Kathleen Winter, short story writer and novelist (born at Bills Quay, England 25 February 1960). When Kathleen Winter was aged eight the family immigrated to Marystown, Newfoundland, the first of many small towns and villages where Winter grew up.
Kathleen Winter, short story writer and novelist (born at Bills Quay, England 25 February 1960). When Kathleen Winter was aged eight the family immigrated to Marystown, Newfoundland, the first of many small towns and villages where Winter grew up. Her writing examines the complexities of self-determination and identity. She creates characters who do not quite fit into their expected lives and strain against the constraints society places upon them. Her writing often vividly depicts the natural world, which provides her characters with strength and solace.
After completing a degree in journalism at CARLETON UNIVERSITY, Winter wrote a column for the Corner Brook Telegram. She focused on the ordinary lives of ordinary people, often musing over the meaning of the passage of time and how we all carry every age within us. Winter also worked as a screenwriter for Sesame Street and has worked as a documentary filmmaker. Her journal The Road Along the Shore - An Island Shore Journal (1991) was written following two years filming a documentary about the arts in Labrador.
In 2007, Kathleen Winter published BoYs, a collection of SHORT FICTION exploring what men think, what women want, and how these phenomena collide. In her story "You Can Keep One Thing" a young Maggie struggles with the many complicated codes of existence in a small Newfoundland village which is her new home, from the terminology of "fish sticks" vs. "fish fingers" to the codes of behavior that win favour amongst classmates. The root of all the stories can be seen when Maggie's father enters a beautiful hand-made kaleidoscope, full of mirrors and coloured foil candy wrappers, into a "Light and Colour" craft show. The rejection letter expresses one of Winter's own major themes: "Your entry is whimsical, but we are returning it as it doesn't really fit our theme." Winter's interest in how an individual fits into the rigorous and restrained worlds in which we move remains a constant in her writing. BoYs won the 2007 Metcalf-Rooke award and the 2007 Winterset Award.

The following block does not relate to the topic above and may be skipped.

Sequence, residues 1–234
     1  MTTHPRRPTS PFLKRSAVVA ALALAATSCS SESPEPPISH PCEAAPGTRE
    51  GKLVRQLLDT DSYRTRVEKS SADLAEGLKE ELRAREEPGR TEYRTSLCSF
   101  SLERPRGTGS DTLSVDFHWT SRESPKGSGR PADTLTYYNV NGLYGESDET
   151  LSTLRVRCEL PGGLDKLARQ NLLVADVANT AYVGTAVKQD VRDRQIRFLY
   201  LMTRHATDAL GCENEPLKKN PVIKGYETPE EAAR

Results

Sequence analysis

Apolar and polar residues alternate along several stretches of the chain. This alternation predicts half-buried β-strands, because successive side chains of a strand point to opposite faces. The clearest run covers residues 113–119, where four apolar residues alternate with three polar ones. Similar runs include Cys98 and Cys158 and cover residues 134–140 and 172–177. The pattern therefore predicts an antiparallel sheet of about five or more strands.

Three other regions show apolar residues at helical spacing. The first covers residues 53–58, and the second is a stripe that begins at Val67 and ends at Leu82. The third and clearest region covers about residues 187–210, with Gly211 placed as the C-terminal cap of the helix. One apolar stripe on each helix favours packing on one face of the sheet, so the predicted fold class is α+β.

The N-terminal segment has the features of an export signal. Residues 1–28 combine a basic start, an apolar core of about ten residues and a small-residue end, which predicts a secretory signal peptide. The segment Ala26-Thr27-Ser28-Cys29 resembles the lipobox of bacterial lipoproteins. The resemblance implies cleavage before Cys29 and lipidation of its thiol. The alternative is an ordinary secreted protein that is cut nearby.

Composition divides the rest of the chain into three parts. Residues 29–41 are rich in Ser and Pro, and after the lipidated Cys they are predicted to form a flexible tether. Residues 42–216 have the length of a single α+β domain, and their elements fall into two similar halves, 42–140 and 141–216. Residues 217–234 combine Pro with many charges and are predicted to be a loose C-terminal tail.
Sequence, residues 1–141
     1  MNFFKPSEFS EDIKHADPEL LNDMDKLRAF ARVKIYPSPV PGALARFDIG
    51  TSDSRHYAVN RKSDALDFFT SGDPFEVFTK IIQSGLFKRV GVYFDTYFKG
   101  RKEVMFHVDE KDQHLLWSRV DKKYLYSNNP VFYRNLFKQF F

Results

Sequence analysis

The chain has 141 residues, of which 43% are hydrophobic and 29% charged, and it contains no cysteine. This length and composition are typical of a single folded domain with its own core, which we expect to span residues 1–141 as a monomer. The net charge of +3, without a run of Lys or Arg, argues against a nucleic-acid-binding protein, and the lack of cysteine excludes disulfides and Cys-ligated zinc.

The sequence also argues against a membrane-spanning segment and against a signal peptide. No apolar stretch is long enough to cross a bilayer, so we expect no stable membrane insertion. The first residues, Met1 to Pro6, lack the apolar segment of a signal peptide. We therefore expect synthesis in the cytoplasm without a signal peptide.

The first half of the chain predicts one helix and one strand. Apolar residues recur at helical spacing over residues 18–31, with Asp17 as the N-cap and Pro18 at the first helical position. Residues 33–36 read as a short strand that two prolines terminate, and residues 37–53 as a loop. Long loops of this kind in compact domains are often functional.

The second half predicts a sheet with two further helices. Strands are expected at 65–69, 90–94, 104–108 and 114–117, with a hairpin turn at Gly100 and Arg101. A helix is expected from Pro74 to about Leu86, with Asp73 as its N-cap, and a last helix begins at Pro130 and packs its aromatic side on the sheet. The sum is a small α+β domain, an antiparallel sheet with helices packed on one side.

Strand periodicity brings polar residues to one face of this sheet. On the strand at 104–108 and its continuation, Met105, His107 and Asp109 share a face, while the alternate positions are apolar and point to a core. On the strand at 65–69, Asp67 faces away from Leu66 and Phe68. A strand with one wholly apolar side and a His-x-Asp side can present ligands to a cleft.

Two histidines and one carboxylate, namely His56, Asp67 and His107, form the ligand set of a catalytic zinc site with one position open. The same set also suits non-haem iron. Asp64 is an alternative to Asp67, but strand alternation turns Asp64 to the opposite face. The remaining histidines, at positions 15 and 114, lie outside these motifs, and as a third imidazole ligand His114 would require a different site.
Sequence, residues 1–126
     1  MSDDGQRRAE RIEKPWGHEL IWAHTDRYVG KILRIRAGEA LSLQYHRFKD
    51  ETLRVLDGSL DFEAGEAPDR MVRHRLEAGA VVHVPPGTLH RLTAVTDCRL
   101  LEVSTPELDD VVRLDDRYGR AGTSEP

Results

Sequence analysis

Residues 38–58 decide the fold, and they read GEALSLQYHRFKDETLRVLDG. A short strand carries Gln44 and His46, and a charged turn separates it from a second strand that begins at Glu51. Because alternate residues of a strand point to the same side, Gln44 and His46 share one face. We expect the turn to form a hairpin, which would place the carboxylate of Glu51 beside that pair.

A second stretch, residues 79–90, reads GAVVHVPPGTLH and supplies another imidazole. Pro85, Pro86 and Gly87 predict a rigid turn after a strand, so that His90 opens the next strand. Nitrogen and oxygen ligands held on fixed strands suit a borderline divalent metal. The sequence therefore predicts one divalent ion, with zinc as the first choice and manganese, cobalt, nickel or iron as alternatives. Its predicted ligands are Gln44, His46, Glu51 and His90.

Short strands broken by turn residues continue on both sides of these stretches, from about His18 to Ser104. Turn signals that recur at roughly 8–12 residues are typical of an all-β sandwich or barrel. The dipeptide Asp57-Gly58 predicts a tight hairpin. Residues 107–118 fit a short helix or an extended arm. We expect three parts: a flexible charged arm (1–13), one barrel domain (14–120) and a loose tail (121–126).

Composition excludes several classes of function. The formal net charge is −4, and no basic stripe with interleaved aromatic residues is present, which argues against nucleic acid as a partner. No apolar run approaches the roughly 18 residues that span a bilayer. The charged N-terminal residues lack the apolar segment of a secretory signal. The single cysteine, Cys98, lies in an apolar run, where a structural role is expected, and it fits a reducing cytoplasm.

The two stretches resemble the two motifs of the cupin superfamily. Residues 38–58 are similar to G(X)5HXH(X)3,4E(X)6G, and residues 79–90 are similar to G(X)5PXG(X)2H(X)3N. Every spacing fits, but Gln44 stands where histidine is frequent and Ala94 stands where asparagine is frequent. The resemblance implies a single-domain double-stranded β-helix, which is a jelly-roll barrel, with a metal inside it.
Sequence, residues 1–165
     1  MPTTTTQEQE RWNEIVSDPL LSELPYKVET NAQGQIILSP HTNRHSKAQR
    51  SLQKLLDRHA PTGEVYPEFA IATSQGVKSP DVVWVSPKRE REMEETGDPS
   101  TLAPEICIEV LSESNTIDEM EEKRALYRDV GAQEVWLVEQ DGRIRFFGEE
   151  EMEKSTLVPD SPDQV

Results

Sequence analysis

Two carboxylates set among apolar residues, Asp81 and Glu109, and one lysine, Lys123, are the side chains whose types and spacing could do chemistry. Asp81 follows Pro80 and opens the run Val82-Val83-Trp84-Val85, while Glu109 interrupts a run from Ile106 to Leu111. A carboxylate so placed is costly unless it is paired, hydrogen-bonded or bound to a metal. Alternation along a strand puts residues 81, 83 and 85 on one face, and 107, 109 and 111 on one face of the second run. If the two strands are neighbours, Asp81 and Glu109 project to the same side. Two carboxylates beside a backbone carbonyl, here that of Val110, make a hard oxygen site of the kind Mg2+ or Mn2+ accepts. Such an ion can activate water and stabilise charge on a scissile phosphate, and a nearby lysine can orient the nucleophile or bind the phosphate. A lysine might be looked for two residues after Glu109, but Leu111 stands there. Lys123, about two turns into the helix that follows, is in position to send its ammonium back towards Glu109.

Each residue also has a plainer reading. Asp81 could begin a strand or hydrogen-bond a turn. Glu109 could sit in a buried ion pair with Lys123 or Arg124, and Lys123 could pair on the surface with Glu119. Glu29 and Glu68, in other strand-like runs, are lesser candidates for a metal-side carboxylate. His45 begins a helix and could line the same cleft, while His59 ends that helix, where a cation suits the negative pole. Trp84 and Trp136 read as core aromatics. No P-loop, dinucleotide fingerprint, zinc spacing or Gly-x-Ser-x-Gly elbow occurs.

Kathleen Winter's first NOVEL, Annabel (2010), was shortlisted for the three most recognized Canadian literary prizes: the Rogers Writers' Trust Fiction Prize, the GOVERNOR GENERAL'S LITERARY AWARD for fiction and the SCOTIABANK GILLER PRIZE. It was also shortlisted for Britain's Orange Prize. The story presents Jacinta and Treadway Blake and their son Wayne, who is born an intersex child. Against the wishes of his mother, Wayne's father insists that their child be raised as a boy. For many years, Treadway teaches him about the world of nature, hunting and trapping. In time Wayne undergoes painful surgeries and hormone treatments. Wayne, named Annabel in his mother's mind, finally makes his own decision with the help of his teacher Thomasina, for whom " people were rivers always ready to move from one state of being into another. It was not fair to treat people as if they were finished beings."
Winter continues to write and lives in Montreal. Her brother, Michael WINTER, is also a writer.